How to Wire a Contactor
Many large pieces of equipment require a high voltage current to operate. The standard current in a home is only 120 volts AC, so electricians use a contactor to increase the current. To use one, plug in the wires from your home's nearest...
Part 1 of 3:
Choosing and Shutting Off Contactor
- Select a contactor that capable of handling the voltage and current. Contactors come with a built-in magnetic coil used to conduct electricity. Look on the top edge of the connector for a plastic tab containing information about the coil. Many devices require a 240-volt current to function, so you will need a contactor with a 240-volt coil.
- Contactors are available online and at many big hardware stores. Also, check out construction supply stores.
- Check the device you plan on hooking up to figure out what kind of power supply it needs. Some very heavy pieces of equipment may even need as much as 480 volts to function.
- Read the user manual to identify the outlets on the contactor. The input slots are labeled on most contactors, but check the manual for more information. Take advantage of the labeling to figure out how to hook the electrical wires to the contactor. The input slots will be labeled as L and are usually on top. The output slots, labeled as T, will be on the bottom.
- You may also see labels like normally open (NO) and normally closed (NC). Generally, you use the NO slots to wire the contactor.
- The NC slot stays closed until you need to activate it. It's used for some types of wiring, such as setting up an emergency deactivation switch. When you press the switch, the contact opens to deactivate the electricity.
- Check for a separate auxiliary output contact on the contactor. Some contactors have an extra set of slots labeled with the letter A. These auxiliary spots signal parts of an electrical device that require a lower voltage to operate. The auxiliary output contacts should be rated at 120 volts.
- For example, an auxiliary contactor could control the pilot light on a pump. The light would burn out if it received the 240-volt current the pump used. The auxiliary system may also be responsible for timers or display screens.
- A contactor can have several sets of auxiliary ports. You won't always need them, so don't worry if you don't have anything to plug into them.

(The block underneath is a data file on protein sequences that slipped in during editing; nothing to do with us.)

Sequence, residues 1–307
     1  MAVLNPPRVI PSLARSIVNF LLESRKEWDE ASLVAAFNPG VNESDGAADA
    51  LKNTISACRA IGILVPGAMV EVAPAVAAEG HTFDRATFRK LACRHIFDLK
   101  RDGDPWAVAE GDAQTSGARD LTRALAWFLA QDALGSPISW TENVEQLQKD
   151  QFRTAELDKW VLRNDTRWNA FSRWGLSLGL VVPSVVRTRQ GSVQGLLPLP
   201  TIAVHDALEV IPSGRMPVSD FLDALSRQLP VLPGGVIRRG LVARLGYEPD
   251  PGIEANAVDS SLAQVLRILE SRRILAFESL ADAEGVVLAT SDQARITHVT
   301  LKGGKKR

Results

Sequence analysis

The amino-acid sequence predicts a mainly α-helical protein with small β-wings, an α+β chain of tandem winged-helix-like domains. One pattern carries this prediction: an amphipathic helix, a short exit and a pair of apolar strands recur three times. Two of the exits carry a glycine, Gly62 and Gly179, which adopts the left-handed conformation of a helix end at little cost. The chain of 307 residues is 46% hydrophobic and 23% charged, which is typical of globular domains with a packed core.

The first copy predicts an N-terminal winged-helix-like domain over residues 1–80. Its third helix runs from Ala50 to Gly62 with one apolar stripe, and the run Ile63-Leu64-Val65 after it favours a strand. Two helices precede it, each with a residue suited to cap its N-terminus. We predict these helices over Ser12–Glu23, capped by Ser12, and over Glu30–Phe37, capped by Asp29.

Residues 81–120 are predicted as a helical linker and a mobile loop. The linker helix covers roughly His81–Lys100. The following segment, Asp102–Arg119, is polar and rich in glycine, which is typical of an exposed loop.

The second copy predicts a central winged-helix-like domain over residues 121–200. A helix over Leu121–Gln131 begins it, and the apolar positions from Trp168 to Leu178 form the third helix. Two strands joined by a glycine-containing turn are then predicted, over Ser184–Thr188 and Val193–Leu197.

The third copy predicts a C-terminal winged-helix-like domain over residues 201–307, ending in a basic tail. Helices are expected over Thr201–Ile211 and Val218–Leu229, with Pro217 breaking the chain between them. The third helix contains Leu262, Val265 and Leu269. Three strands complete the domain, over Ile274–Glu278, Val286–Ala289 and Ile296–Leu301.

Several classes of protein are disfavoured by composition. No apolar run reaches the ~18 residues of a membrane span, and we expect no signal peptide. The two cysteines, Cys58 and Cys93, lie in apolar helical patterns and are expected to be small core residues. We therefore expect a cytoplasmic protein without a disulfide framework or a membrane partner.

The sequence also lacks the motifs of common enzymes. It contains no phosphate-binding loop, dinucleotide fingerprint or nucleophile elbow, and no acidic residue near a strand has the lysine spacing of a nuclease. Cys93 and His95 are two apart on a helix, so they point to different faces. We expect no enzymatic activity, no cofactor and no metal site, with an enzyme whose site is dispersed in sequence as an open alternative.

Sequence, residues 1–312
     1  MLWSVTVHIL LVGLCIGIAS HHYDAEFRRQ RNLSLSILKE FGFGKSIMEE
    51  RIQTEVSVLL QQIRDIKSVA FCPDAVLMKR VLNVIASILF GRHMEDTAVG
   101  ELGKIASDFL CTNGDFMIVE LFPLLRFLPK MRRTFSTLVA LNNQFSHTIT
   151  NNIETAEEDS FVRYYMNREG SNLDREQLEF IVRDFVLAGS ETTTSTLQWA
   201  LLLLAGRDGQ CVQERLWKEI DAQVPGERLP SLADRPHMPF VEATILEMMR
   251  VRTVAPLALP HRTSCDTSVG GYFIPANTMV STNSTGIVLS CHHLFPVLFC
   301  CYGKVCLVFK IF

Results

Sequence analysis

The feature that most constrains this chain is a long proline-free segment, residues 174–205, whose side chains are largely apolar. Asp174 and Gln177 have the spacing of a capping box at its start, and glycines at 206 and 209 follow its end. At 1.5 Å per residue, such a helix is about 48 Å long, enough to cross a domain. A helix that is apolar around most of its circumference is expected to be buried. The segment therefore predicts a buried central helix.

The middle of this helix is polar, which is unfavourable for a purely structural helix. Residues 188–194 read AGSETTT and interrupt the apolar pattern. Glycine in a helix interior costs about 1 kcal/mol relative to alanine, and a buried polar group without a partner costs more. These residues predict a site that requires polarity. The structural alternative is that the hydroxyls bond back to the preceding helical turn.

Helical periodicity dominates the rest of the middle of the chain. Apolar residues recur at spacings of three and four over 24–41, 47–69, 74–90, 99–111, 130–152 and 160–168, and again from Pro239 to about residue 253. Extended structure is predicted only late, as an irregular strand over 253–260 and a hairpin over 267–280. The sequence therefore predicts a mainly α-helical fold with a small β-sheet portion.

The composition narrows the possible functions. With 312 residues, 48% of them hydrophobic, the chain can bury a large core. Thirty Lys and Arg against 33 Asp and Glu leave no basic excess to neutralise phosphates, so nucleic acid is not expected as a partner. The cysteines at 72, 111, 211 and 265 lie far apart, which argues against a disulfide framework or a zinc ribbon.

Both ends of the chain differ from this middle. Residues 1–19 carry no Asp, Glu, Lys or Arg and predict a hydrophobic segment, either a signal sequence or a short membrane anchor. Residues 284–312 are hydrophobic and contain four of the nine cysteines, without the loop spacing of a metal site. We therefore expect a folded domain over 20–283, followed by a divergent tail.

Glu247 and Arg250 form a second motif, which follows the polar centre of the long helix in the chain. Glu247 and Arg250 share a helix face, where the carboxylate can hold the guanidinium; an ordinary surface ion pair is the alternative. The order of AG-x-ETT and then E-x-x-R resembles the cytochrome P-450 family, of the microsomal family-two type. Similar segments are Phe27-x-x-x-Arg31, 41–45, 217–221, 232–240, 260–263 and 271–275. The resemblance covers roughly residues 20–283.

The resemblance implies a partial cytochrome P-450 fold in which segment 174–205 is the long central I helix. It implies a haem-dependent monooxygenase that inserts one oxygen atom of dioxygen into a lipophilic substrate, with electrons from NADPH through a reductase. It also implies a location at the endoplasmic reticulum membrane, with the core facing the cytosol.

- Turn off the electricity before handling the wiring. Head down to the lowest floor of your home to find the circuit breaker or fuse box. It is usually located in an out of the way spot close to where the utility line enters your home. Open the door on the box and find the large switch on top. Flip the switch to shut off the power.
- Test the electrical current by attempting to turn on lights and other nearby accessories. Make sure the power is off so you don't end up handling any live wires!
- Consider putting a note on the circuit breaker or fuse box so anyone living with you knows not to turn the power back on.
Part 2 of 3:
Opening the Wires and Contactor
- Route the colored wires from your home's electrical circuit. Gather the wires from the closest circuit to the contactor. You should have enough wires to fit in the L slots on the top half of the contactor. The wires will usually have a color scheme like red, yellow, and blue. One wire fits into each slot on the contactor.
- Make sure the wires are long enough to reach the connector. If you need to, trim them with pliers.
- Keep the wires separated so you know where they fit on the connector. Double-check that you have room for all of the wires on the contactor.
- Bring the wires from the device to the contactor. The device you wish to connect needs to be within range of the contactor. Position the device first to ensure your wires are long enough. The device's main wires should match the ones coming in from the electrical circuit. These will fit in the T slots on the bottom part of the contactor.
- Your device may also have some smaller 120-volt wires colored black and red. Save these wires to plug into the auxiliary slots.
- Strip the ends of the wires by 1⁄2 in (1.3 cm). Cut through the insulation on the wires by using wire strippers. Lay a wire between the blades and then push down. After the blades break the insulation, pull the cut piece off to reveal the copper wire underneath it. Then, check the wire to ensure it doesn't have any strands hanging from it.